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Example: Before discussion, stress that the problem is never one’s complete fault. Everyone is responsible for it. Then, it is important to point out our own involvement in the problem and state clearly we are here to listen to everyone’s opinions rather than accusing others.

Step 2: People Are NOT the Cause of Problem

How? State clearly the problem is never one-sided. Collaborative effort is needed. More importantly, note the problem should not be taken personally. We are not making accusations on persons but addressing the problem itself.

Why? Once things taken personally, everything will go out of control. People will become irrational and neglect others’ opinions. We are then unable to address the problem properly because we cannot grasp a fuller and clearer picture of the problem due to presumption.

Example: In spite of the confronting opinions, we have to emphasize that the problem is not a result of the persons but probably the different perspectives to view it. So, if we try to look at the problem from the other’s perspective, we may understand why there are varied opinions.

Step 3: Listen From ALL Stances

How? Do NOT blame others. It is of utmost importance. Ask for everyone’s opinions. It is important to let everyone feel that they contribute to the discussion. Tell them their involvement is essential to solve the problem and their effort is very much appreciated.

Why? None wants to be ignored. If one feels neglected, it is very likely for he/she to be aggressive. It is definitely not what we hope to see in a discussion. Acknowledging and being acknowledged are equally important. So, make sure everyone has equal opportunity to express their views. Also, realizing their opinions are not neglected, they will be more receptive to other opinions.

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Example: A little trick can played here: Invite others to talk first. It is an easy way to let others feel involved and ,more importantly, know their voices are heard. Also, we can show that we are actively listening to them by giving direct eye-contact and nodding. One important to note is that never interrupt anyone. Always let them finish first beforeanother one begins.

Step 4: Listen Comes First, Talk Follows

How? Ensure everyone has listened to one another points of view. It can be done by taking turn to speak and leaving the discussion part at last. State once again the problem is nothing personal and no accusation should be made.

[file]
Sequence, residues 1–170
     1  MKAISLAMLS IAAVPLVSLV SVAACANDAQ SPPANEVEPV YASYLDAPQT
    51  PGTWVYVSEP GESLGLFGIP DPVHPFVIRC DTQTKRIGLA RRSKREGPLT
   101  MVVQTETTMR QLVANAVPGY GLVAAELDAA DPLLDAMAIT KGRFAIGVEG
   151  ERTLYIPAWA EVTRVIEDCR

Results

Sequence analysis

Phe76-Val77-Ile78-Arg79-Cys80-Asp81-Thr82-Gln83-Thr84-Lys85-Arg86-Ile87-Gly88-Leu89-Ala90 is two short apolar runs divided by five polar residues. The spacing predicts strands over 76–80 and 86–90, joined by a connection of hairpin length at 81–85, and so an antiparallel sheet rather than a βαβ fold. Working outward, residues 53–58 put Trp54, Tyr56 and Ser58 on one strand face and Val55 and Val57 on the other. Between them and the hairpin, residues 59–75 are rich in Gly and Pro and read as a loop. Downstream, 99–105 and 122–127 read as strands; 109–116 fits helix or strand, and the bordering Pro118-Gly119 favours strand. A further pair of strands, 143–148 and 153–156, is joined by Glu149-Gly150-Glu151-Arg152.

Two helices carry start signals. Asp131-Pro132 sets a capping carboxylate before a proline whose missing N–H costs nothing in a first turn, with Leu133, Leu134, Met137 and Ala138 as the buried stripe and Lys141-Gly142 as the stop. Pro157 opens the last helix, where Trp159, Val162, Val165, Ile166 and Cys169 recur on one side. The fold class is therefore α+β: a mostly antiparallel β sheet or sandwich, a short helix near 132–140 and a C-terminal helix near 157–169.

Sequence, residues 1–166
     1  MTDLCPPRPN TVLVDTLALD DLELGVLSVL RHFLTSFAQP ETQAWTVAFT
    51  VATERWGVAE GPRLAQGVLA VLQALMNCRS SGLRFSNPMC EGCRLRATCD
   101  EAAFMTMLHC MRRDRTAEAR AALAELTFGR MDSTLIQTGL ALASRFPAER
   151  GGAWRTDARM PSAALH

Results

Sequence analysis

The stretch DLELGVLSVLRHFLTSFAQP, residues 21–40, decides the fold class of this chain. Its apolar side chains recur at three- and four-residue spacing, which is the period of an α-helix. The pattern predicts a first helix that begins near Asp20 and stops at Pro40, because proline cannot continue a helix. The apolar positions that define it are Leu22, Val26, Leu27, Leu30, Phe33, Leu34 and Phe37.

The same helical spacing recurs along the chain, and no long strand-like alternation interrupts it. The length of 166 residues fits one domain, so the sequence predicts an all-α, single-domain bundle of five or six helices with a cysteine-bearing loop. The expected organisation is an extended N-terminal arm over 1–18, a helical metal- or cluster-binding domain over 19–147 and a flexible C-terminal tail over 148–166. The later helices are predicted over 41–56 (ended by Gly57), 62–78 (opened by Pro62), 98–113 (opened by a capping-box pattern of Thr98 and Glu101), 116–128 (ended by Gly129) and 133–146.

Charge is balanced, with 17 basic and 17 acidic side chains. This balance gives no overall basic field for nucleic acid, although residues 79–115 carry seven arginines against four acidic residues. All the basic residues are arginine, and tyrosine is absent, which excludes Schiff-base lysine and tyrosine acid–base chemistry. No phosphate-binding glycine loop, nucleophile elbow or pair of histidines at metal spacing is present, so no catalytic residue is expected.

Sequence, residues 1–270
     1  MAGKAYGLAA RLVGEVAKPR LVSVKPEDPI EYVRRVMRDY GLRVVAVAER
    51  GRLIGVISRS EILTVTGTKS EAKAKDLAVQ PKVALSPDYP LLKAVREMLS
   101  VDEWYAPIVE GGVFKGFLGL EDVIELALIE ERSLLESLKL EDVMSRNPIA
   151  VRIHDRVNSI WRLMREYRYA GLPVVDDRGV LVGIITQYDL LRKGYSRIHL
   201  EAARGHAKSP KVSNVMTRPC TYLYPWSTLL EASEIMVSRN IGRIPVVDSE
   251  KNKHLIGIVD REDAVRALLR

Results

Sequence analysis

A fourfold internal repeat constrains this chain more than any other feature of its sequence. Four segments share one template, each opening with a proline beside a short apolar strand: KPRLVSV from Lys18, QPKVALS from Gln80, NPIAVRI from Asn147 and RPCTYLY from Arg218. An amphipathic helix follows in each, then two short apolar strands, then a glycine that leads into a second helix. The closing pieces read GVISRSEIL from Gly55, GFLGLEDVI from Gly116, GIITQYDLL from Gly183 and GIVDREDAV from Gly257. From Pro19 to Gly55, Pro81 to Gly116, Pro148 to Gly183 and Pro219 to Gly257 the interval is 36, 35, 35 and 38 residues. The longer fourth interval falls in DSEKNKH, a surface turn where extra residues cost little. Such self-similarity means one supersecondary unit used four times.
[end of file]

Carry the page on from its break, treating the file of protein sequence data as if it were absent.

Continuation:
Why? By turn-taking, everyone can finish talking and voices of all sides can be heard indiscriminantly. This can promote willingness to listen to opposing opinions.

Example: We can prepare pieces of paper with different numbers written on them. Then, ask different members to pick one and talk according to the sequence of the number. After everyone’s finished, advise everyone to use “I” more than “You” in the discussion period to avoid others thinking that it is an accusation.

Step 5: Understand the Facts, Then Address the Problem

How? List out ALL the facts first. Ask everyone to tell what they know about the problems.

Why? Sometimes your facts are unknown to the others while they may know something we don’t. Missing out on these facts could possibly lead to inaccurate capture of the problem. Also, different known facts can lead to different perception of the matter. It also helps everyone better understand the problem and can eventually help reach a solution.

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Example: While everyone is expressing their own views, ask them to write down everything they know that is true to the problem. As soon as everyone has finished, all facts can be noted and everyone’s understanding of the problem is raised.

Step 6: Solve the Problem Together

How? Knowing what everyone’s thinking, it is now time to resolve the conflict. Up to this point, everyone should have understood the problem better. So, it is everyone’s time to suggest some solutions. It is important not to have one giving all the solutions.

Why? Having everyone suggesting their solutions is important as they will not feel excluded and their opinions are considered. Besides, it may also generate more solutions that can better resolve the conflicts. Everyone will more likely be satisfied with the result.

Example: After discussion, ask all members to suggest any possible solutions and stress that all solutions are welcomed. State clearly that we are looking for the best outcomes for everyone’s sake rather than battling to win over one another. Then, evaluate all the solutions and pick the one that is in favor of everyone.